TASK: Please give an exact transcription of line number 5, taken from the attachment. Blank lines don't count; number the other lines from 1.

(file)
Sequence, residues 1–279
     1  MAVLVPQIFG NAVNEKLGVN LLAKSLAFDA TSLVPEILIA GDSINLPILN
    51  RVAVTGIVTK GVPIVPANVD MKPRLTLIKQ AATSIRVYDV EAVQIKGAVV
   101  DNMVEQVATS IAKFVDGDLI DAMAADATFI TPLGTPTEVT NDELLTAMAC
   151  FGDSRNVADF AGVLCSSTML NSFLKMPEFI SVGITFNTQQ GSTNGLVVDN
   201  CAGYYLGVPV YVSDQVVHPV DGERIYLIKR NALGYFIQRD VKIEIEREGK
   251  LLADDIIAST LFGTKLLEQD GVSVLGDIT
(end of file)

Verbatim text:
   151  FGDSRNVADF AGVLCSSTML NSFLKMPEFI SVGITFNTQQ GSTNGLVVDN